Fiction Reviews


(2021) Stephen Baxter, Gollancz, £14.99, trdpbk, 532pp, ISBN 978-1-473-22886-3


What would happen to the world if the Sun went out?  By the middle of the twenty-first century, humanity has managed to overcome a series of catastrophic events and maintain some sense of stability. Space exploration has begun again. Science has led the way. But then one day, the Sun is extinguished. Solar panels are useless, and the world begins to freeze. The Earth begins to fall out of its orbit. The end is nigh. Someone has sent us a sign.

Doesn’t time fly? Well, it certainly does in this book, starting off in the year 2057, and ending up in the year 200,000,000 AD. It also flies off the page too as I remember a loooong time ago going to a panel at a Fantasycon (probably in Birmingham in the early 1990s) which featured first-time novelists. I can’t remember who they all were, but one of them was the late, great Graham Joyce, a diamond geezer, who sadly died a few years ago, and another of them was Stephen Baxter talking about his first novel, Raft, and here we are at novel number 49 (if I’ve done my maths right). The vast majority written by Baxter himself with the odd one written with Arthur C. Clarke and Alastair Reynolds and Terry Pratchett in a career that includes young adult novels, a Dr. Who novel and sequels to The Time Machine and The War of the Worlds, and I haven’t even counted the short story collections, novellas or non-fiction books.

Galaxias starts with “Event 1973 – 2057”, which actually details several events, most of them taking place on the Moon, and very mysterious they are too, and there is a nice circularity with the ending of this very short section (only three pages of text), and the very end of the novel, set in the year 200,000,000. In between, the story is told in various parts – the first “Day”, takes place on the 5th and 6th of January 2057. The next part is “Year”, set throughout 2057, followed by “Decade” set from 2058 – 2067 before we have the very distant finale. After that Baxter gives the reader a guide to source material and some scientific ideas which informed his writing.

As for the plot, well, it is a cracking idea in that the sun goes out, or actually disappears from its position in the solar system in an event that becomes known as the Blink, which might be a blink in the eye for some vast, timeless entities, but in human terms it lasts twenty four hours which is quite long enough for humanity. Baxter devotes an entire 130 pages to the events of the next twenty four hours during the Blink. As you can imagine the events are pretty catastrophic with earthquakes and other nasty phenomena such as the Moon shifting and planets changing their orbits in the sun’s absence, while back on earth, most of the UK is underwater with the Parliament is forced to move to Newcastle from a flooded London. While that seems to be enough to cope with, there is a major problem in that the Blink was actually caused by an entity known as Galaxias who has used this to fire a warning shot across humanity’s bows to tell us not to challenge his/it’s authority. What to do with a problem called Galaxias? Well, the nations of the Earth have various ideas. Direct contact? Or something a bit more subtler? Naturally, the Western countries decide to go knocking on Galaxias’ door, but it almost feels like an eternity reaching a decision to get to that point.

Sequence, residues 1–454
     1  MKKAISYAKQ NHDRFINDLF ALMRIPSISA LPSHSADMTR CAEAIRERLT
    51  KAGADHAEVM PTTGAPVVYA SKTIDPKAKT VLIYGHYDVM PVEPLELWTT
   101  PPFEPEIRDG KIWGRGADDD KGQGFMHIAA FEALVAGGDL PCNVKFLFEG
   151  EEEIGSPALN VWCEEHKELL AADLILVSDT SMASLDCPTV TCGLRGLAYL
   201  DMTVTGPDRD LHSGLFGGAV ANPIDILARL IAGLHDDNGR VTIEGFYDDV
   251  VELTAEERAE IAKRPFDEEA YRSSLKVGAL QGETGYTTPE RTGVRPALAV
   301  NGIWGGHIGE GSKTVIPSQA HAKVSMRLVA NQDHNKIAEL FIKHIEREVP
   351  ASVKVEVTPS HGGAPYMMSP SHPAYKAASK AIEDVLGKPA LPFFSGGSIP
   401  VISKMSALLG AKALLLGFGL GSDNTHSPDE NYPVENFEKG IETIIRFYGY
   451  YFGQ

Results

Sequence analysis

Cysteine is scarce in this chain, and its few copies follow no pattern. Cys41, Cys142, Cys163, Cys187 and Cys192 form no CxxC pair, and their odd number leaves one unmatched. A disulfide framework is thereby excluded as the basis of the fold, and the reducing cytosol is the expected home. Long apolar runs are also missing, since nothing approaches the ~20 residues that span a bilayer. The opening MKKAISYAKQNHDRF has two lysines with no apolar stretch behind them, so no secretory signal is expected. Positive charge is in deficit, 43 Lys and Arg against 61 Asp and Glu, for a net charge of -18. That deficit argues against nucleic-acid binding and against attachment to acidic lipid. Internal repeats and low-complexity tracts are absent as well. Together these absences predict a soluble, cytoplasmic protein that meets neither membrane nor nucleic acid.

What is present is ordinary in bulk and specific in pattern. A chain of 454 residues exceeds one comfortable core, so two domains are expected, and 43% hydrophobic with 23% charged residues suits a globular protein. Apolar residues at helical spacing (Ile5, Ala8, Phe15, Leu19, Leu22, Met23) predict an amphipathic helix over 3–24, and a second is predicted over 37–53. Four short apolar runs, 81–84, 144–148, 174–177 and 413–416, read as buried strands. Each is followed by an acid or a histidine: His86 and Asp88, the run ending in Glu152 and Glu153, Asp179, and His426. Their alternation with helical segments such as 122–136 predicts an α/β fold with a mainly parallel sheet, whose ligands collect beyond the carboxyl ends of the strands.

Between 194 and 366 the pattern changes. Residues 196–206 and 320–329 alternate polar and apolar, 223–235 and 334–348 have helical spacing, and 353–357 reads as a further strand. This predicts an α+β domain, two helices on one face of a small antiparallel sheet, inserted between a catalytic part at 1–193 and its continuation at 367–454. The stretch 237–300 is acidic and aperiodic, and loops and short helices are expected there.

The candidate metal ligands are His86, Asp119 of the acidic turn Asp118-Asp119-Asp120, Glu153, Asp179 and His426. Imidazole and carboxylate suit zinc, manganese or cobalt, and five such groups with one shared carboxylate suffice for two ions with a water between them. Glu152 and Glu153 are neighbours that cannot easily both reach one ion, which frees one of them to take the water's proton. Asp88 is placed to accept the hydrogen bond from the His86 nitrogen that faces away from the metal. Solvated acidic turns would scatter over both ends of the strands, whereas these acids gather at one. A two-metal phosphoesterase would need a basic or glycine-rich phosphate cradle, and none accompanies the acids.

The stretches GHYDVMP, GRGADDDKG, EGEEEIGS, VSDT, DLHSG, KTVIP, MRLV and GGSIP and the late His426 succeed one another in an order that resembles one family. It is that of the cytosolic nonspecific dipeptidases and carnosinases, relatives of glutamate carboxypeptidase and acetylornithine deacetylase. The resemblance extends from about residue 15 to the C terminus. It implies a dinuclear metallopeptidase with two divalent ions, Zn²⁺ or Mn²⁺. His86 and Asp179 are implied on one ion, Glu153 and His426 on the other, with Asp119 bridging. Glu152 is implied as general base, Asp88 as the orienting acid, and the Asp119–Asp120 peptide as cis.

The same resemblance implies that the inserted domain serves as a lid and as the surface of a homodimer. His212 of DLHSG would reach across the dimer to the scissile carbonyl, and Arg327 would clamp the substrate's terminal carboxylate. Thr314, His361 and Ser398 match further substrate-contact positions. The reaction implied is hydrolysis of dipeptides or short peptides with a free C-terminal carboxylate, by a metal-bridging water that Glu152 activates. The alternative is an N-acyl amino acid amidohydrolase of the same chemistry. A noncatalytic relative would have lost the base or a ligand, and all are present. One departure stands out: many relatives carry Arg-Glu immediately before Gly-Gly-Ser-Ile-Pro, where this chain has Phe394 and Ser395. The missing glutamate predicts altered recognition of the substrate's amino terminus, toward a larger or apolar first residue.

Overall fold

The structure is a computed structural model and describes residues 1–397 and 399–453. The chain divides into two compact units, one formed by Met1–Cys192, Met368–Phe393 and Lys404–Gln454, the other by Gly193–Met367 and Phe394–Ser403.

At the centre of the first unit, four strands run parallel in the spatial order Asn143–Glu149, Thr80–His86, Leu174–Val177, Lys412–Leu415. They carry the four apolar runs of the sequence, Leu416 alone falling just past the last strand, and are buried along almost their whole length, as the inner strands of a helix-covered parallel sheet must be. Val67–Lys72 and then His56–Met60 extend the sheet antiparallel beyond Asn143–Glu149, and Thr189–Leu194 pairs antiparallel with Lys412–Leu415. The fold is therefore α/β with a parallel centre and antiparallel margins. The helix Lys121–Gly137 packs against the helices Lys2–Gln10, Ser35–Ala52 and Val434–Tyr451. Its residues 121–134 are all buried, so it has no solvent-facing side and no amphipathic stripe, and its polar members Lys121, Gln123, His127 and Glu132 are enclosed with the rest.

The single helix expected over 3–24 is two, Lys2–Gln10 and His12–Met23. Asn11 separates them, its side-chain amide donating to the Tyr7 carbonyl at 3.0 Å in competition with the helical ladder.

That’s the major problem with this novel, it’s too long, and not enough happens. A lot of what does happen, keeps happening again and again, usually in another country at yet another meeting or conference with a heck of a lot of info-dumping going on as the powers that be debate their options and likelihood of success. Things are not helped by the lack of characterisation, dull plotting in places, and Baxter’s overkill, and overlong, descriptions of what happens to the Earth because of the Blink. There are nice touches, of course, there is a space entrepreneur, just like now, and also climate problems, aftermaths of pandemics, and displaced peoples, again, just like now. There is also time to celebrate the 100th anniversary of England winning the World Cup, but Galaxias just doesn’t quite live up to the promise of its premise. Perhaps if it was turned into a mini-TV series, the excess fat might be trimmed off, but in book form, readers might find it a disappointment, unless they prefer the science at the cost of the plot and the characters within it.

Ian Hunter


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